Unemployment has contributed to a rise in the level of the black economy and tax fraud. :: SUR
The underground economy is booming thanks to the recession and unemployment, according to tax inspectors
Spain’s black market economy has increased considerably since the economic crash, according to a new report.
A recently published study by the Finance Ministry’s union of tax inspectors, GESTHA, finds that untaxed transactions in 2012 totalled 253 billion euros, or 24.6 per cent of the country’s GDP. This is 60 billion euros, or 6.8 per cent more, than in 2008.
The report, entitled ‘The Underground Economy and the Increase in Fraud During the Crisis’ concludes that the so-called ‘cash economy’ grew annually on average by 15 billion euros between the start of the crisis in 2008 and the end of 2012, the cut-off point for the research.
“Spain’s underground economy has grown particularly in those regions with high levels of unemployment and which were most affected by the property bubble bursting, such as Andalucía, the Canaries, Extremadura, and Castilla-La Mancha,” says the study co-authored by Jordi Sardà of the University Rovira I Virgili in Tarragona, Cataluña.
Madrid, Barcelona, Tarragona, Lleida, and La Rioja are said to have “strikingly low” black market activity. This is likely, the report finds, because there is a large number of national and multinational firms in these areas. However, it does also highlight that such firms are more able to use sophisticated tax planning strategies to mitigate their tax liabilities.
The double-dip recession is the primary cause for the rise in transactions carried out under-the-table as this has fuelled “unemployment to 26 per cent which has [in turn] contributed to a rise in the level of the black economy and fraud.”
Another significant driver of this trend was the collapse of the real estate market in 2008. This, says GESTHA, “boosted the black market as many transactions were carried out in cash using 500 euro notes” - and up to 70 per cent of business done behind the taxman’s back is done using this currency denomination.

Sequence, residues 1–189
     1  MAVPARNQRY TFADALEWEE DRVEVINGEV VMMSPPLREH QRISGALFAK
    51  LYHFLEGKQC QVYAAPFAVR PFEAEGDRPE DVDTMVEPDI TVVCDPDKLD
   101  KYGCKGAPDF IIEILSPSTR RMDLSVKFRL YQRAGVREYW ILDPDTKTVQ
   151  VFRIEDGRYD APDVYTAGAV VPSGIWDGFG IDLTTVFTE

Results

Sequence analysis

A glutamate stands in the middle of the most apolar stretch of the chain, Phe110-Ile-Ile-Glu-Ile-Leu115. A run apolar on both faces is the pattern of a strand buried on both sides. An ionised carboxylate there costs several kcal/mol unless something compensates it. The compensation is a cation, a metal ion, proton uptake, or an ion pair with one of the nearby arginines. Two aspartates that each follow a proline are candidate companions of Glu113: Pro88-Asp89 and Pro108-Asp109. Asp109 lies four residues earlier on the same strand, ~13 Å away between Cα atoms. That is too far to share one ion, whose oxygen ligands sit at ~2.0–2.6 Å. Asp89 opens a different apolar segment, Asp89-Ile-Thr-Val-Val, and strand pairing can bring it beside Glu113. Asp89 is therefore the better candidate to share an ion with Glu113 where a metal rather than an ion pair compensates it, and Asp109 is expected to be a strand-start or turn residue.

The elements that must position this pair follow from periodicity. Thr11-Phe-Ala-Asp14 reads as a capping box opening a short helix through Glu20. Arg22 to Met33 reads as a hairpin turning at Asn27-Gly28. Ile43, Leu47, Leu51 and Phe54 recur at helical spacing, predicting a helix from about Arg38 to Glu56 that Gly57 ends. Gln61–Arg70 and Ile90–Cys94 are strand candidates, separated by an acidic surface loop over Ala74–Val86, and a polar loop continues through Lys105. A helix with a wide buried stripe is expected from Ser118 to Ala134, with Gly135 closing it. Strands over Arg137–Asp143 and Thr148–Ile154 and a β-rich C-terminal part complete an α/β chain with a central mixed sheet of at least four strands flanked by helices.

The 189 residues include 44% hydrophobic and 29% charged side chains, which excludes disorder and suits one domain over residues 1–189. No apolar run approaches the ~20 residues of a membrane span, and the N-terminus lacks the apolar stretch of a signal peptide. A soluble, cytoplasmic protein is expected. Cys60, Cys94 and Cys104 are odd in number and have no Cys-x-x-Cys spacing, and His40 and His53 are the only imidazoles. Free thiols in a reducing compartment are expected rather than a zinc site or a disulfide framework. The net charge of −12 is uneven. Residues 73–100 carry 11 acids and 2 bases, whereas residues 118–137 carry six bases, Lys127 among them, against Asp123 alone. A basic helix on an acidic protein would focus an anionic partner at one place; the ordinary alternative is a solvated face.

With Spain’s black market valued at such a staggeringly high level - a quarter of gross domestic product - many observers might wonder why the country’s political leaders and other authorities are seemingly doing little to combat the underground economy.
To address this point, the report states: “A doubt arises as to how much governments want to interfere in the black economy, since millions of people depend on it and fighting it would create great social instability.”
This conclusion has been broadly echoed by some contacted this week by SUR in English who work predominantly within the cash economy.
A British plumber, resident in Marbella and who for obvious reasons does not want his name published, says: “Like most people, I would love to be earning enough to pay all the taxes I should be. But the fact is that I’m not; I’m only just about getting by. I wouldn’t be able to survive financially if I had the extra burden of tax too.
“My customers understand this. And more than ‘understand’, they’re happy to pay in cash as it saves them money too. It goes both ways and seems to work well for everyone.”
Similarly, a Mijas business owner affirms: “The taxes for the self-employed and employers are ridiculously high, compared with other countries such as the UK. And they [the government] still keep raising them - so it becomes very expensive to hire anyone. No wonder employers don’t want to take on more people or they pay part of people’s wages in cash to avoid tax.
He adds: “I don’t feel what I’m doing is that wrong, to be honest. Many rich people and big businesses find ways of reducing their taxes by using offshore havens and the like, so why shouldn’t we ordinary folk cut our tax costs where we can?”